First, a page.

First year master’s student presents research at civil rights conference
By: Yasmeen Ebada
First year master’s student Claire Rounkles presented her research at the Media & Civil Rights History Symposium at the University of South Carolina in early March.
Rounkles’ research paper, “A Court held at Midnight, the Lynching of Roscoe Parker,” examines 16-year-old Roscoe Parker, an African American boy from Winchester, Ohio who was horrifically lynched in Adams County, Ohio. Rounkles examined the Cincinnati Gazette and the Cleveland Gazette to answer the following research questions: How was Parker depicted in the newspaper articles and columns published in the Cincinnati Gazette? What was the narrative point that the reporters took when reporting the case? What was the journalists’ role during the coverage of the lynching? How did the complacent action of the Cincinnati Gazette reporter affect the case?
Rounkles’ paper is part of a bigger project that she is working on for her master’s thesis where she will be examining all the cases of lynching that spread across Ohio during the lynching era in the U.S.
“This research is important because there are a lot of parts of U.S. history that have never been told. We tend to shy away from our dark past,” Rounkles said. “Given the opportunity for his story to be out there and to be told is not only a privilege, but a big and crucial part of us accepting where we came from, where we are at right now and how we can become a better society.”
Rounkles wrote this paper as part of Dr. Michael Sweeney’s historiography class in the fall of 2018. She said Sweeney encouraged her to look at history as a journalist.
“He really pushed the notion of digging and finding something a little bit deeper than just settling. Throughout the whole process of my paper I would go to him multiple times and just sit, talk with him and throw ideas at him to try to figure out how to do research,” Rounkles said. “He was a guiding hand to helping me understand what I needed to look at and how I needed to dig, besides that he also encouraged me to find out more about the story, so he really just pushed me on my own to dig for the story ultimately.”
Sweeney said the word he would use to describe Rounkles as a researcher is a “badger.” He said Rounkles goes after what she is looking for and, in this case, primary documents that are obscure or difficult to find in places with a relentless focus.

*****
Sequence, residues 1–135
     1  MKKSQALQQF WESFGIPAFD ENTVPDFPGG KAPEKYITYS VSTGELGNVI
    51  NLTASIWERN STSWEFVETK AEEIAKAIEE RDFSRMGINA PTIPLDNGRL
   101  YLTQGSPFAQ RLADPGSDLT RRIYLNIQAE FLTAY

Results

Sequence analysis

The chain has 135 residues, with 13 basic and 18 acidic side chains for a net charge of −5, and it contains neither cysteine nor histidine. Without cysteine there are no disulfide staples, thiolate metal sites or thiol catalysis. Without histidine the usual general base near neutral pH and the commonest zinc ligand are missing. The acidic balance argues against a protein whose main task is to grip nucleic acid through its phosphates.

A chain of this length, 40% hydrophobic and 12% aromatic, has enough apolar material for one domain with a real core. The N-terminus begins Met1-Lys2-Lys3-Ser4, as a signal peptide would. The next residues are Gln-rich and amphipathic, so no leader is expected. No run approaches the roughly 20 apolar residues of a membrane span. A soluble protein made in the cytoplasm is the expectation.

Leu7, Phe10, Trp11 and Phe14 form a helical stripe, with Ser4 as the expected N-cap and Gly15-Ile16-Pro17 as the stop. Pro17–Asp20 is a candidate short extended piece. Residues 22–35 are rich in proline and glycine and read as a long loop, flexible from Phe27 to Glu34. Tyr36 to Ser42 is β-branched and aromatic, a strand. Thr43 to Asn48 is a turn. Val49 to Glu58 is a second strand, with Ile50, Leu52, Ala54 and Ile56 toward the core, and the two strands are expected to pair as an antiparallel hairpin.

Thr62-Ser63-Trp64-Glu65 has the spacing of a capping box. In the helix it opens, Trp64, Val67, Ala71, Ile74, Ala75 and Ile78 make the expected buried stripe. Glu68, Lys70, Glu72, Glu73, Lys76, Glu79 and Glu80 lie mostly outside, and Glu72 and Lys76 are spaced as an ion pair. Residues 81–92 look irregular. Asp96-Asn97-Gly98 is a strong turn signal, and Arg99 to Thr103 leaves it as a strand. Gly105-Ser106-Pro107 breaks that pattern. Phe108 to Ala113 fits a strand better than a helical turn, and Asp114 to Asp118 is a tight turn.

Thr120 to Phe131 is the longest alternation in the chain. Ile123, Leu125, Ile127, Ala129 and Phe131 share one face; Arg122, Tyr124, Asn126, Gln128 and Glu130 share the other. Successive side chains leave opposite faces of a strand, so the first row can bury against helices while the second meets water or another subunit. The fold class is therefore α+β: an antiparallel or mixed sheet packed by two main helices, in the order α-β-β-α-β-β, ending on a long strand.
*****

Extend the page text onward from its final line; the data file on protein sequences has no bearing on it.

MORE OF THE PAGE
“It is just wonderful how much energy she put into finding the bricks to build a really good paper out of, so I loved having her in class because of her energy, her smarts and her focus,” he said.
Sweeney said the paper is good enough to be published in an academic journal, particularly because of the topic’s significance because she is reestablishing the prevalence of lynching in Ohio, restoring it to our history. A lot of historians have a tiny piece of the history of that, but she is compiling a database as part of her background research.
“She is trying to get all of the lynching in Ohio in this database and tell a story about them but then she focuses in detail about one particular case in which the media were complicit. Some reporters knew that a lynching was going to take place and they did nothing to stop it, and they did so because they thought it would be a good sensational story to sell newspapers, our ethics were a little different back then,” Sweeney said. “I think she is going to be great, and I like her visual background coming from photography I think that could be something that she brings to her research at some point.”
Associate professor and Graduate Director Aimee Edmondson said Rounkles is wise beyond her years.
“She tells me she plans to continue her studies as a doctoral student and join the academy. She’s well suited for it,” Edmondson said.
The Media & Civil Rights History Symposium was held in conjunction with the Association of Education in Journalism and Mass Communication (AEJMC) Southeast Colloquium.